By: Skip Bandele
DO GENTLEMEN really prefer blondes? Let us have a look at that old cliché and the issue of age gaps – and I am not talking about one-night stands either.
Ever since Bonnie Parker followed Clyde Barrows out of Hicksville, US in search of an end to a drab existence and a life of perpetual excitement, ‘wannabe’ blonde femmes fatales have been hitting the headlines across the Atlantic at irregular intervals. Aside from Britney Spears, no longer fair or anything else for that matter – the most recent case has involved Vickie Lynn Hogan, better known as Anna Nicole Smith.
What is it with this American penchant for name-changes and why do the new ones always consist of double-barrelled prefixes? Marie Beth, Betty Lou or any other combination are more at home in a Kenny Rogers country and western howler than in real life. Do Americans have real lives? The answer to that last question may just explain the phenomenon … but back to Vickie Lynn, or rather Anna Nicole (see what I mean).
In a startling re-enactment of another tragic, meteoric yet short-lived existence, that of one Norma Jean Baker, the iconic Marilyn Monroe, Ms Smith was found dead in her Florida hotel room likely caused by a massive drug-induced heart attack. The former Playboy Playmate of the Year was 39.
Anna Nicole’s life had been relatively hum-drum – while waitressing, aged 16, she married Billy Wayne Smith, a cook at a fried chicken canteen with whom she almost immediately had a son, Daniel, who also died very recently at 20 years of age, of a drugs overdose. She subsequently met J Howard Marshall, while working as a topless dancer in a club in Houston, Texas. The lovebirds got hitched three years later in 1994, a union in the nick of time, as the groom passed away just 14 months later – not a surprise, as the oil billionaire was 63 years Anna Nicole’s senior and approaching his 91st birthday!
The wedding, the young widow and, above all, the sordid squabble over the 1.2 billion dollar fortune (still ongoing) caused a huge media furor and Anna Nicole Smith instantly became one of the most recognised faces in the world, fair game for gossip columns, paparazzi and fortune hunters alike.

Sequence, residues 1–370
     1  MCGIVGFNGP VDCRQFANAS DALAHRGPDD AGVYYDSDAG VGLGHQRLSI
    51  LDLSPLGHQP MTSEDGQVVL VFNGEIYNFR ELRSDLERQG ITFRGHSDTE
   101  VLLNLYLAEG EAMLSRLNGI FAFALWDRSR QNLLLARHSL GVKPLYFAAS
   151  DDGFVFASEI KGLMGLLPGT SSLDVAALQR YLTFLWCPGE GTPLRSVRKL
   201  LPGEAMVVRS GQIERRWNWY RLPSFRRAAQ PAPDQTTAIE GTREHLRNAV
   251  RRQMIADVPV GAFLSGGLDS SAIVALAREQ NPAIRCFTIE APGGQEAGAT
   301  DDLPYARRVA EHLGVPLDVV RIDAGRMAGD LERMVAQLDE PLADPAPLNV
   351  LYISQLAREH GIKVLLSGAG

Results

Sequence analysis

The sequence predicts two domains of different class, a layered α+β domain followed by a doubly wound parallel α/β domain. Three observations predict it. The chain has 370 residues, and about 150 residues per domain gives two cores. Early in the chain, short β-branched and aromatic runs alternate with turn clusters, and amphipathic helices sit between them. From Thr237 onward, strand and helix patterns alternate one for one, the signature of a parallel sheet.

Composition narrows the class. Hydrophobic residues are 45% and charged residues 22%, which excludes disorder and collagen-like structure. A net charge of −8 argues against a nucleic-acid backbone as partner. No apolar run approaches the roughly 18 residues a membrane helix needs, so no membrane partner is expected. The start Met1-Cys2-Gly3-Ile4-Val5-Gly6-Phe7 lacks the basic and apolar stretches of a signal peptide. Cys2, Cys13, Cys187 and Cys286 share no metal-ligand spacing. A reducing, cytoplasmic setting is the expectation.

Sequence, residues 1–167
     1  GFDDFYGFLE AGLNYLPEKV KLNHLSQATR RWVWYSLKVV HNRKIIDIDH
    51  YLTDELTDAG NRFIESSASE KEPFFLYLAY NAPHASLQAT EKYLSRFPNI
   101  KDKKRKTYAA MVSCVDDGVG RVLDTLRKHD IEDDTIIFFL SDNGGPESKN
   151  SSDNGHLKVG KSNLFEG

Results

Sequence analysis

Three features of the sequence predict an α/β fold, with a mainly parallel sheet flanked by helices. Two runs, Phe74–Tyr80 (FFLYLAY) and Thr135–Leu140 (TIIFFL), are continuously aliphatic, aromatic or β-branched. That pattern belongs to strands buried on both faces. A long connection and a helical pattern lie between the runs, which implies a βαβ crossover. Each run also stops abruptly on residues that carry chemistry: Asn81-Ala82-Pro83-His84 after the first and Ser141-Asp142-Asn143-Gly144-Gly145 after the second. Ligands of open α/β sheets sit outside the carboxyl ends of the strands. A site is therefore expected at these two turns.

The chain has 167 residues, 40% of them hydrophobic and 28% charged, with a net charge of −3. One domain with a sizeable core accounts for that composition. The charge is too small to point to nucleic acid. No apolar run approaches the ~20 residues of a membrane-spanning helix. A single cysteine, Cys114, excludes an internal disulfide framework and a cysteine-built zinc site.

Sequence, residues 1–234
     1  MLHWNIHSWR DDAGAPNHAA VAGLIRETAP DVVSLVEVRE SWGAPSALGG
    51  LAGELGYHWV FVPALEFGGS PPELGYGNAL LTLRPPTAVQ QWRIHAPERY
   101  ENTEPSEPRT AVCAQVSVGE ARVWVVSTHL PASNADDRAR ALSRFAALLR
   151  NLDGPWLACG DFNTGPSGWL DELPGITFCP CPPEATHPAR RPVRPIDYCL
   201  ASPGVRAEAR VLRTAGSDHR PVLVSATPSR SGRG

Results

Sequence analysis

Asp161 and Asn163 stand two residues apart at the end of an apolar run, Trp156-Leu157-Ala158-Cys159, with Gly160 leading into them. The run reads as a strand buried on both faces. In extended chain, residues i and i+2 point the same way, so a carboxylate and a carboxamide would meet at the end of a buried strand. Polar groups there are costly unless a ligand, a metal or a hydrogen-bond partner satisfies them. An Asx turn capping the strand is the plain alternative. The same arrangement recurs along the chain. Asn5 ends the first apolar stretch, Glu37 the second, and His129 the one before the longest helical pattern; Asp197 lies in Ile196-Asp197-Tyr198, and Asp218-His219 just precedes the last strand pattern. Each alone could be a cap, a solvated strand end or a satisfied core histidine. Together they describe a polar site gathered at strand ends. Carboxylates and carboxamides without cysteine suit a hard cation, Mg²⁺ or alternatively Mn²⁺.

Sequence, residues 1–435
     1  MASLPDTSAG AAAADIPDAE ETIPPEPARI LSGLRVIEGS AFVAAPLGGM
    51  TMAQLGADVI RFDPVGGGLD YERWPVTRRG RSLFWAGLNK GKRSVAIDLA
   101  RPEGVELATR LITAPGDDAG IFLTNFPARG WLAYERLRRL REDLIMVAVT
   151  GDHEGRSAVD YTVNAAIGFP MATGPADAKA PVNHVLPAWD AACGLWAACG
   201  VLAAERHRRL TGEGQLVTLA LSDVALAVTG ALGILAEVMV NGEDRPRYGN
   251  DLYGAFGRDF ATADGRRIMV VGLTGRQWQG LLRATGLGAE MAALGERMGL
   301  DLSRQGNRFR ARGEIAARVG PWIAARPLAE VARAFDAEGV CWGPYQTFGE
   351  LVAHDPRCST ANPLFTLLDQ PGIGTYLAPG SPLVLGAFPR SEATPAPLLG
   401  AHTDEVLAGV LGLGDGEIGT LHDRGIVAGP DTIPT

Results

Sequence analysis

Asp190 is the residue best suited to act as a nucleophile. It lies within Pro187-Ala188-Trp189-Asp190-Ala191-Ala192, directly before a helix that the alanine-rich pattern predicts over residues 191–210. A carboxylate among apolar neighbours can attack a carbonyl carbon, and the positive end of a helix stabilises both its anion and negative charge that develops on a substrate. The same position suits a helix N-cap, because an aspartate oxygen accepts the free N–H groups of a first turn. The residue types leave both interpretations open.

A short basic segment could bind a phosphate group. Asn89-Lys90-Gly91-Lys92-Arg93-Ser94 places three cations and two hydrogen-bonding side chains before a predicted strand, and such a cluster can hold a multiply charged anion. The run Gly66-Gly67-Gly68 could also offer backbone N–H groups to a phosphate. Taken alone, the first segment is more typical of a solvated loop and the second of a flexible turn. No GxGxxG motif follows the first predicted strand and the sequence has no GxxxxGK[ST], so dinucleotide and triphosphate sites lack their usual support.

She left behind a five-month-old daughter, Danielynn, supposedly the product of her third marriage to lawyer Howard K Stern. However, as it became clear the baby would one day become likely to inherit the Marshall fortune, no less than four other men, including her bodyguard, a photographer and incredibly Zsa Zsa Gabor’s ninth husband, Prince Frederick von Anhalt, stepped forward to contest paternity. No doubt DNA tests, claims and counter-claims will follow – as I was saying, it can only happen in surreal America, or should that read ‘Hollywood’?
To top it all, even Anna Nicole’s burial site became the subject of litigation, the judge in charge of the proceedings breaking down in tears, overcome by emotion, before ruling in favour of her last companion and the Bahamas. Yep, definitely make that Hollywood with a capital “H”.
The farcical and tragic elements and gold-digger cynicism apart, this story throws up several interesting questions. My mother and father, married a very long sounding 46 years now, are 14 years apart in age, a gap of some significance that has never really been apparent or played a role in our family.
I’m really in two minds over this issue – when does an age difference become too great, or doesn’t it matter at all?
The 63 years age gap between Anna and her late oil magnate husband strikes me as being a bit sick, as it probably does the vast majority of observers. Having said this, I feel that the physical aspect and compatibility must be part of any long-term relationship, as are shared lifetime experiences and common interests – am I tiptoeing through a potential minefield? One year is nothing, agreed? But then each additional year is only one further 12 month period – when do you say “stop, that’s enough”?